Is Our Attention Span Reducing?

May 14, 2019 By Christine H, Writer
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With increasing numbers of smartphones over the past few years, we can now receive information at a faster rate than ever before, such as the latest breaking news or when a friend posts on Instagram or Facebook. 

Along with it, there has also been increasing concern about the impact of technology on our daily lives as well as society in general.

A few years back, an informal study had concluded that the average attention span of an American is eight seconds -- less than that of a goldfish! While the study has been criticized, social scientists are definitely seeing a trend. However, there had been a lack of data to support their theories. 

Recently though, the scientific journal Nature Communications published the results of a study that showed that the attention span of the general public has reduced over the past decade.

Details of Study

The study was conducted by European scientists from four different universities. 

It looked at data from different media sources, including Twitter data from 2013 to 2016, movie ticket sales for the past 40 years, and scientific publications over the past 25 years. They also looked at data from Google trends, Reddit discussions and Wikipedia from the past decade.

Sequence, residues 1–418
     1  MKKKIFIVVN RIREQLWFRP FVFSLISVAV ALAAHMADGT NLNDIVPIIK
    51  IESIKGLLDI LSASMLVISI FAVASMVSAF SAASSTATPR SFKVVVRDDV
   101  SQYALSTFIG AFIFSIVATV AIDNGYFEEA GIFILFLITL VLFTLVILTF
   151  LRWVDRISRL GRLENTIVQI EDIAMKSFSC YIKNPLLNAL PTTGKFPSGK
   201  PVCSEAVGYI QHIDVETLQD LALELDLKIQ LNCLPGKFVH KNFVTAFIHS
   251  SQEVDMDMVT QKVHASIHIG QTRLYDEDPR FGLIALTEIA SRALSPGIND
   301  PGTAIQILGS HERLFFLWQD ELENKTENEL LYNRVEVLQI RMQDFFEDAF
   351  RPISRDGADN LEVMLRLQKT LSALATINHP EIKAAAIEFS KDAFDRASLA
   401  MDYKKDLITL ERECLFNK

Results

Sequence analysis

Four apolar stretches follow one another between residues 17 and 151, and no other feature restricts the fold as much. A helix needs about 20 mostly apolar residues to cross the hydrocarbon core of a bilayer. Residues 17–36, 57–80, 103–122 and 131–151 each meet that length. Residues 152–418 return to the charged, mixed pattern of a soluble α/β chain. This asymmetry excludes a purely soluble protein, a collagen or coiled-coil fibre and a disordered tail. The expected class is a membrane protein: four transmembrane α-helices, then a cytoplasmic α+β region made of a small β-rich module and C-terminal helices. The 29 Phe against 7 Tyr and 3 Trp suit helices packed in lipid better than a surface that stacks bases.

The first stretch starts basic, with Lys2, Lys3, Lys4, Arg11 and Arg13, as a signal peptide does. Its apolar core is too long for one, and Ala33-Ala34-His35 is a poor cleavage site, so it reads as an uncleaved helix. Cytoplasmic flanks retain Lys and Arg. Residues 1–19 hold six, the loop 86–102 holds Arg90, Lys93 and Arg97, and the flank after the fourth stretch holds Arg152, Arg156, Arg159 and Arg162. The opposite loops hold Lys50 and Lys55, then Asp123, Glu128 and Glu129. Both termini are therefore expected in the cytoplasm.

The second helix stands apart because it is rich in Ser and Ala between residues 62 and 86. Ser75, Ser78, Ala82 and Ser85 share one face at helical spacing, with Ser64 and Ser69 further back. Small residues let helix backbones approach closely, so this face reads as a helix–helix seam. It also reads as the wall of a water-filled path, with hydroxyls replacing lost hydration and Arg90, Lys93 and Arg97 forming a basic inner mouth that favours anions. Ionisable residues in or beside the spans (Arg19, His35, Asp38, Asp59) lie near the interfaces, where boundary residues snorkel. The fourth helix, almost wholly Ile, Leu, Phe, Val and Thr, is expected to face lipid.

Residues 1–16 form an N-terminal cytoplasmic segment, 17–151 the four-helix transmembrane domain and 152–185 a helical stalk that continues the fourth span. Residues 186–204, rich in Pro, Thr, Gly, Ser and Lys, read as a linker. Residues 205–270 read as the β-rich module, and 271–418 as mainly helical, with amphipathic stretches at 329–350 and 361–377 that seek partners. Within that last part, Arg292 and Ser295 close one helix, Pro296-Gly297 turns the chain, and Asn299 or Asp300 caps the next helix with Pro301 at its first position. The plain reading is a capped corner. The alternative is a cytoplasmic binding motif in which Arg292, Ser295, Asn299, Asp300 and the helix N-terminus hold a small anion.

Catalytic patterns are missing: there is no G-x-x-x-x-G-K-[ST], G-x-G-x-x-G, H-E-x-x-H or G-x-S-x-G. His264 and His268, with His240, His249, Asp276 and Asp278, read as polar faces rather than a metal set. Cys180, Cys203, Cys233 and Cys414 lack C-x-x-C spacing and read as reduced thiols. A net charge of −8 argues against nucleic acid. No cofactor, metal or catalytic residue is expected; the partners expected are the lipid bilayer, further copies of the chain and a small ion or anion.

Researchers created a mathematical model with three parameters – the “hotness” of a topic, the time that the topic stayed in the public’s awareness, and the desire for something new. The model confirmed that as more and more information is produced, the time people spent on each topic was less and less. 

Our overall available attention span remains the same. Therefore, the increasing amount of information competing for our attention as well as our urge for newness, makes us switch between topics more quickly. For example, when scientists looked at the daily top 50 Twitter hashtags, they found that these hashtags stayed in the top 50 for an average of 17.5 hours in 2013, but only 11.9 hours in 2016.  Similar results were found for movie tickets, Google searches, and comments in Reddit discussions.

Interestingly, the results were different for Wikipedia and scientific publications – global attention spans remained almost the same over time.  Scientists do not know the exact reason for the difference, but they suspect that it’s due to Wikipedia and scientific publications being used for learning and acquiring knowledge.

What's Next?

The study looked at our collective attention span, not at an individual level. 

An interesting next step would be to look at the effect on individuals. Scientists are concerned that we may be negatively affected and cannot properly evaluate the information that we receive. If so, we would need to come up with new ways to communicate such that information quality does not suffer even when we rapidly switch between topics.

Source: Nature, ScienceDaily, Guardian